ACT WorkKeys Sample Questions

Maintained and Updated as of 2024

70 free practice test questions for the ACT WorkKeys job skill exam

Select how would you like to study

ACT WorkKeys is a job skills assessment program that assists employers in selecting, hiring, training, developing, and retaining employees. ACT WorkKeys consists of diagnostic examinations in nine foundational skills and three soft skill sets; each exam’s length, time allotted, and format (internet vs. paper) are contingent upon which skill is being tested.

Please note this is supplemental content.  

ACT WorkKeys assesses the following skills:

•        Applied Mathematics (internet/paper based, 33 questions, 55/45 minutes)
•        Applied Technology (internet/paper based, 34 questions, 55/45 minutes)
•        Business Writing (internet/paper based, 1 prompt, 30/30 minutes)
•        Listening for Understanding (internet based, 28 questions, 45 minutes)
•        Locating Information (internet/paper based, 38 questions, 55/45 minutes)
•        Workplace Observation (internet based, 35 questions, 55 minutes)
•        Reading for Information (internet/paper based,
•        Teamwork (paper based, 33 questions, 55/45 minutes)

In addition, ACT WorkKeys assesses the following soft skill sets:

•        Fit (internet based, 100 questions, 15-20 minutes)
•        Talent (internet based, 165 questions, 30-35 minutes)
•        Performance (internet based, 55 questions, 10-15 minutes)

The WorkKeys exam is an important tool for individuals who want to assess their readiness for the workforce and demonstrate their skills to employers. The exam measures a range of foundational workplace skills, including applied mathematics, reading for information, and locating information. By taking the WorkKeys exam, individuals can obtain a clear understanding of their strengths and weaknesses in these areas, which can help them identify areas for improvement and prepare for future employment.

Moreover, the WorkKeys exam is increasingly being used by employers as a way to evaluate job candidates. In many industries, employers require applicants to take the exam as part of the hiring process. By achieving a high score on the exam, individuals can demonstrate their competence and competitiveness in the job market. This can be particularly valuable for individuals who may not have traditional academic credentials but possess valuable workplace skills.

Additionally, the WorkKeys exam offers a nationally recognized credential that can be added to a job seeker's resume or portfolio. The credential, which is issued by the National Career Readiness Certificate (NCRC), indicates to employers that the individual has demonstrated proficiency in the skills measured by the exam. This can be particularly valuable for individuals who are new to the workforce or who are looking to change careers, as it provides a tangible way to demonstrate their abilities to potential employers.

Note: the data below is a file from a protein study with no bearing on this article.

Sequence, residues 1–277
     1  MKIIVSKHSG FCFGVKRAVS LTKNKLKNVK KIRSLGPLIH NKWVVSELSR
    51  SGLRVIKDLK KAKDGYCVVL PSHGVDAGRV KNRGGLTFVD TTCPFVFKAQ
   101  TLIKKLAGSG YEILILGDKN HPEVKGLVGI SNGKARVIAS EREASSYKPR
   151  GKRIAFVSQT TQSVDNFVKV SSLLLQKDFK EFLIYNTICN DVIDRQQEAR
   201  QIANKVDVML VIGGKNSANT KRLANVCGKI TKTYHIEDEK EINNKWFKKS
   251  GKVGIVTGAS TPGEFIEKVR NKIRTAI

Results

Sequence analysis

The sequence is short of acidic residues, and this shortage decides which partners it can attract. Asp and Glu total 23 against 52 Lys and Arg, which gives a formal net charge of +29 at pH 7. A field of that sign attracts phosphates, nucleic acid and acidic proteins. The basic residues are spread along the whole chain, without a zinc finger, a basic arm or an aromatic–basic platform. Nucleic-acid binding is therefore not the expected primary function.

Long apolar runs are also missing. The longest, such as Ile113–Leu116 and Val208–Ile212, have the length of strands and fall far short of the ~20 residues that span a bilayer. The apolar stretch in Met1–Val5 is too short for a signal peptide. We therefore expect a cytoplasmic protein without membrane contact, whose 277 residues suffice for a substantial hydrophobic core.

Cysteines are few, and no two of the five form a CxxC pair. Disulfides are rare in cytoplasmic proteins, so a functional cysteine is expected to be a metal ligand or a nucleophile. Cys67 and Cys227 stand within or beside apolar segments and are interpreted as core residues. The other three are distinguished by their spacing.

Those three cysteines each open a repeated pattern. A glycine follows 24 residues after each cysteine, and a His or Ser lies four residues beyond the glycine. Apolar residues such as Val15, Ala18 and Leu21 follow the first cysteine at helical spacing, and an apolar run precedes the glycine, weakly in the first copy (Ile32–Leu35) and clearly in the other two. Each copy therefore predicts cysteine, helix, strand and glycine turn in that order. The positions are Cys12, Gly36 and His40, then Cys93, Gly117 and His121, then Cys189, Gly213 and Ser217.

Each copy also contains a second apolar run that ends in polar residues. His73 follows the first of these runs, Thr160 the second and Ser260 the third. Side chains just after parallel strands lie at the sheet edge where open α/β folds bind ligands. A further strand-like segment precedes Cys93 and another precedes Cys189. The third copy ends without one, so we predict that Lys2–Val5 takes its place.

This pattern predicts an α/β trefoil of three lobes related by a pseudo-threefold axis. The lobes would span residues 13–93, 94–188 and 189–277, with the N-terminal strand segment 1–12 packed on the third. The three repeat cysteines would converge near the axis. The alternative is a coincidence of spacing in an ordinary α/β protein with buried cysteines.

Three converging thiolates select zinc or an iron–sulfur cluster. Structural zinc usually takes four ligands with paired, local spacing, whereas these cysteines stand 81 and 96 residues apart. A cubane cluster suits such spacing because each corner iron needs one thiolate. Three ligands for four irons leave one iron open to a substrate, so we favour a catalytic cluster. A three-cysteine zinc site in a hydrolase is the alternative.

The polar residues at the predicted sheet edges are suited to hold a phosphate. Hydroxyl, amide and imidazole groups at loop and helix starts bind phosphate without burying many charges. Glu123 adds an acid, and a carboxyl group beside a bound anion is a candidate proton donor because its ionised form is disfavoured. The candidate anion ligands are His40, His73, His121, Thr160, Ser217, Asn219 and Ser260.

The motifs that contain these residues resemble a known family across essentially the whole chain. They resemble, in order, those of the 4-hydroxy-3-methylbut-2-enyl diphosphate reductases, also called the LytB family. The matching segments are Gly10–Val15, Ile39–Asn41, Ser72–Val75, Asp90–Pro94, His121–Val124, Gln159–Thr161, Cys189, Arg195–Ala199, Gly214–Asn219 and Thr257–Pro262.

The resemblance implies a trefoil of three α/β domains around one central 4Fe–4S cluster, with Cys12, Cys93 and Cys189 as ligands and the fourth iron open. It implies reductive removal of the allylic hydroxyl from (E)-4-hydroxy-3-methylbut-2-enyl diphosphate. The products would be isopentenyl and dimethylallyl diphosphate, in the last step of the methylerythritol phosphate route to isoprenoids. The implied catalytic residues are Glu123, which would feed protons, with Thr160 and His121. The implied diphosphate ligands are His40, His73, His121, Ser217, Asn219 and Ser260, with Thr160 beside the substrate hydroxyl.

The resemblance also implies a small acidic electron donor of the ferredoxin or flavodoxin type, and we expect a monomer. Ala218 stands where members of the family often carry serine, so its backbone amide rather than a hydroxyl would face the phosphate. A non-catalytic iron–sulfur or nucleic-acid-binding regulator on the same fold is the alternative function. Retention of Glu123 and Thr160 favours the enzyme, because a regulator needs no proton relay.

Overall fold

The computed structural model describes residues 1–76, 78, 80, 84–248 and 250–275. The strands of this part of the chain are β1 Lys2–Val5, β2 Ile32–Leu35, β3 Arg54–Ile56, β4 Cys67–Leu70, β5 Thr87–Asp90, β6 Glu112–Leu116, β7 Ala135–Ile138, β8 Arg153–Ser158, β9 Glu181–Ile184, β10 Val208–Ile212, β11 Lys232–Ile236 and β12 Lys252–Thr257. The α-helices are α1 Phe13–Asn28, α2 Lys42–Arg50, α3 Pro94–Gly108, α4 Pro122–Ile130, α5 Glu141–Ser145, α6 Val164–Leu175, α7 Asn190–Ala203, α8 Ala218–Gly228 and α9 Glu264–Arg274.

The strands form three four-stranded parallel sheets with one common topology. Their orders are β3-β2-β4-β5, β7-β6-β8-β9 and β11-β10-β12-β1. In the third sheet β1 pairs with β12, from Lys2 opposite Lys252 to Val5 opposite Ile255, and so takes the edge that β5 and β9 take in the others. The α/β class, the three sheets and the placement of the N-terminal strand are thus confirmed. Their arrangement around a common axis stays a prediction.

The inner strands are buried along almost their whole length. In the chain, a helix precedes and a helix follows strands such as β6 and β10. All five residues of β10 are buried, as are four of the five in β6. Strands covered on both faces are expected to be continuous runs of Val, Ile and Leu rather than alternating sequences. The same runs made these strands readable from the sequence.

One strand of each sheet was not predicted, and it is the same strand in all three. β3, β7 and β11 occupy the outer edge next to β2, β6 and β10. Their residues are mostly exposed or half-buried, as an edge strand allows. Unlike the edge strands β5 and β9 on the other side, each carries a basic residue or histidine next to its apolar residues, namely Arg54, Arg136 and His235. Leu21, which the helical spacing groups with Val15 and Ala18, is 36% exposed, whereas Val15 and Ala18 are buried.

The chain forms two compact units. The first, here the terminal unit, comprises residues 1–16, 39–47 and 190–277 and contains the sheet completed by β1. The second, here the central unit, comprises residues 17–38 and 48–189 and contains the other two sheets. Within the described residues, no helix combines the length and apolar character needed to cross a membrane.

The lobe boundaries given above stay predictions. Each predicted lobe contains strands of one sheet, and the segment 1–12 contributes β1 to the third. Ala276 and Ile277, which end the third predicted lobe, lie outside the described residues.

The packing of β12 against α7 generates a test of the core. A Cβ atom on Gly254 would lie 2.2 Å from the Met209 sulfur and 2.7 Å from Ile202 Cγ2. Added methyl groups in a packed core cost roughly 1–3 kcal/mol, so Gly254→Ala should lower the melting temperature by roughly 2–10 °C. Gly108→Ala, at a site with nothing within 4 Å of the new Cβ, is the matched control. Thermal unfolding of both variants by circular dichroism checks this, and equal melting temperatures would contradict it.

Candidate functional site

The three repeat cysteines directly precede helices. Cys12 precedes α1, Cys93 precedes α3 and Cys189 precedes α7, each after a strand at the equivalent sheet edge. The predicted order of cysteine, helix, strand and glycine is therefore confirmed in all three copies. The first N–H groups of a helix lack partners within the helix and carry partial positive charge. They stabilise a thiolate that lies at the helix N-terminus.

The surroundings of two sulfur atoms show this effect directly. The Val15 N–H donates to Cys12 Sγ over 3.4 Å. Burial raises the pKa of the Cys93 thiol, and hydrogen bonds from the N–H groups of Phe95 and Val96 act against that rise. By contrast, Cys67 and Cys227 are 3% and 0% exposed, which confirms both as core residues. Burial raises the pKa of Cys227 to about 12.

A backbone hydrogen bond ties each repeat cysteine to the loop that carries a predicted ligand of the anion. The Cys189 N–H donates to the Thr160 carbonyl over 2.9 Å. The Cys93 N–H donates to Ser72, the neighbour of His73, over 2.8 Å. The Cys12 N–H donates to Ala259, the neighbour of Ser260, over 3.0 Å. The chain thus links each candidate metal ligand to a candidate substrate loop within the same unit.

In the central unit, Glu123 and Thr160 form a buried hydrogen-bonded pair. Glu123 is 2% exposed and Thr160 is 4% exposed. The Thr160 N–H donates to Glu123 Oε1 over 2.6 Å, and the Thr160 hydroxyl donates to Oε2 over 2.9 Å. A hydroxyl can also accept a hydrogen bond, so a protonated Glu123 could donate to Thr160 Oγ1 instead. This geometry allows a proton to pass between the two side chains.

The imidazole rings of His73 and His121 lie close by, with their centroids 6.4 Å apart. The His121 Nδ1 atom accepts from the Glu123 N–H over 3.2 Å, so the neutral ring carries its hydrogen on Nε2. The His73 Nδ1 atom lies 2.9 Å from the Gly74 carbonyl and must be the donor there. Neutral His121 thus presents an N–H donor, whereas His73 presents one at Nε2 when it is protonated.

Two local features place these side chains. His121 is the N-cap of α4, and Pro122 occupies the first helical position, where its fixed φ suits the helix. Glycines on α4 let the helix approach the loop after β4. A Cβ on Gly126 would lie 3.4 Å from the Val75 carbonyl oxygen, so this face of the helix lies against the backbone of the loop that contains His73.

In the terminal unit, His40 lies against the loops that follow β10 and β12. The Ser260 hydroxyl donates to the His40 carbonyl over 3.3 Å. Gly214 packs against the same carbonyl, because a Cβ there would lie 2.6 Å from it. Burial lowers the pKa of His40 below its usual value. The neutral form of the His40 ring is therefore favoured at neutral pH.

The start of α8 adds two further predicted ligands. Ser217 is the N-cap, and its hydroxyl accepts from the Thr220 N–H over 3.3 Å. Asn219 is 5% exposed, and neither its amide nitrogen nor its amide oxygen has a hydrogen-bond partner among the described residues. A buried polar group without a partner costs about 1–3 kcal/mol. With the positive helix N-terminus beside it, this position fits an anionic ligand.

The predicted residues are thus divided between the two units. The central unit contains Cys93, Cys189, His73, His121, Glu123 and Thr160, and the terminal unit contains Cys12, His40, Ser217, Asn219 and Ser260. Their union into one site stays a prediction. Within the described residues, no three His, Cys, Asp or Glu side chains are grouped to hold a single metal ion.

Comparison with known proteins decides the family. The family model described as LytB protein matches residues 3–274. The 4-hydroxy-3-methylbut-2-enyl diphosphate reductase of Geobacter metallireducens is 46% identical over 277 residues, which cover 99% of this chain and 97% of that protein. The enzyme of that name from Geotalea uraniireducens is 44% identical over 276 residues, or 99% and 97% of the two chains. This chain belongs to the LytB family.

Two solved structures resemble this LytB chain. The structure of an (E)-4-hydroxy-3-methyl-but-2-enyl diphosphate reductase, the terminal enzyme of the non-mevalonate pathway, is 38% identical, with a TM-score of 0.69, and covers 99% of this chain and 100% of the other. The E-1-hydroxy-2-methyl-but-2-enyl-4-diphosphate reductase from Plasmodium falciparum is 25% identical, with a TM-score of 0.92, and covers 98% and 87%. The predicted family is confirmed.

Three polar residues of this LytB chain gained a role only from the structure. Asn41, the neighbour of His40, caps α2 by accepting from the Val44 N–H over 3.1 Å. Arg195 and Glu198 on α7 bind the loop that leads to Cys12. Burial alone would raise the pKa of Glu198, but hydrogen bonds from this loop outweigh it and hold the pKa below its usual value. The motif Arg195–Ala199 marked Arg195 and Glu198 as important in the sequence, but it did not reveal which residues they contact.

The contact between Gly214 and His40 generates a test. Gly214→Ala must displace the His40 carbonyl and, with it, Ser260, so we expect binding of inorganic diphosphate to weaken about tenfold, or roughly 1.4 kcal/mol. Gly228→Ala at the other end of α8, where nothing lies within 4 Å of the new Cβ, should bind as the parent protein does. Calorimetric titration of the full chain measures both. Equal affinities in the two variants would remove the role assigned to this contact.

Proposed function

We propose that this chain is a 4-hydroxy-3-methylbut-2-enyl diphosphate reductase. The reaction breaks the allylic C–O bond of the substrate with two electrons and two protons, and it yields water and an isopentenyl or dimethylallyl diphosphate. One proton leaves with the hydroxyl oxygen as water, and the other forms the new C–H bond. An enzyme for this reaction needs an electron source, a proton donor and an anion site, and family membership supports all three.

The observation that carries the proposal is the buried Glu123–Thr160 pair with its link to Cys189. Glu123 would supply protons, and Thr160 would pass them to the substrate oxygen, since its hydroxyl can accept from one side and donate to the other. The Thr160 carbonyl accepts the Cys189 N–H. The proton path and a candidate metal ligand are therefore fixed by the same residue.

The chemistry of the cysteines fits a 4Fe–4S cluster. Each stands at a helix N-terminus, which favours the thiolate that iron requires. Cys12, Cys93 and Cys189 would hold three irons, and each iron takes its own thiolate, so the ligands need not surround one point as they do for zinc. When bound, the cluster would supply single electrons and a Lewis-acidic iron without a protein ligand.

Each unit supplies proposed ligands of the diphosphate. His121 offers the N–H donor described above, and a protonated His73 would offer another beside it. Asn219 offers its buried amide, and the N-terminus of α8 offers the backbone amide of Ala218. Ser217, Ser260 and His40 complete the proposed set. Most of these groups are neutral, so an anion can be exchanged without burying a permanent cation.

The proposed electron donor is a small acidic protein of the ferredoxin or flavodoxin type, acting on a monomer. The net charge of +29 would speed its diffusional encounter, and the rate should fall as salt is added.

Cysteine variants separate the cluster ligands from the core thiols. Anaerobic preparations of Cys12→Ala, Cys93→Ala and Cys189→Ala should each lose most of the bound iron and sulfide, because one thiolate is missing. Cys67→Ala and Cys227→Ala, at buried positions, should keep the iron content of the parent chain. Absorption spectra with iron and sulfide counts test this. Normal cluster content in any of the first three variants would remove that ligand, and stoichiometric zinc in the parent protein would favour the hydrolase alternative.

Disclaimer: This content is provided for informational purposes only. It has not been edited, fact checked or updated. This content is neither affiliated nor endorsed by ACT or any other official agency. These questions were written by a third-party test prep company and licensed by PracticeQuiz for use on this site. Please use at your own discretion.


The ACT WorkKeys Assessments are a series of three exams: Applied Math (34 questions), Graphic Literacy (38 questions), and Workplace Documents (35 questions). Each of the exams has five difficulty level versions, Levels 3 through 7.

Each of the three ACT WorkKeys Assessments is 55 minutes long. Overall, the ACT WorkKeys Assessments is 2 hours and 45 minutes long.

The passing score for the ACT WorkKeys Assessment is not stated but test takers can retake each exam as many times as they want without concern.

Typically, it is the employers who request that job candidates or employees take the WorkKeys exam. Many employers use the exam as a tool to evaluate job candidates and determine whether they possess the necessary foundational workplace skills to succeed in a particular position. In some cases, employers may require that job candidates take the exam as part of the hiring process, while in other cases they may offer the exam as an optional assessment for employees. That being said, individuals can also choose to take the WorkKeys exam on their own, outside of an employer's request. By doing so, they can obtain a nationally recognized credential, the National Career Readiness Certificate (NCRC), which indicates their proficiency in the foundational workplace skills measured by the exam. This can be particularly useful for individuals who are seeking to enter or advance in the workforce and want to demonstrate their abilities to potential employers.

Supplemental Test Prep Materials

Question List Mode

Select how would you like to study

Top exams on PracticeQuiz


Ted Chan

Ted Chan

Managing Editor

Ted Chan is the Managing Editor of Ted has experience as a journalist and a writer, including editorial or content production roles at ESPN, Better Business Bureau, The Boston Globe, and Forbes. Ted holds a BA from Swarthmore College with High Honors, and a MBA from the MIT Sloan School of Management. Ted also studied at the Harvard Business School, earning a Certificate in Value-based Health Care Delivery.

All content, unless otherwise noted, was created for PracticeQuiz. Let an editor now if you have suggested content edits by emailing us at the support address in the header, or by commenting in the Contribute box above.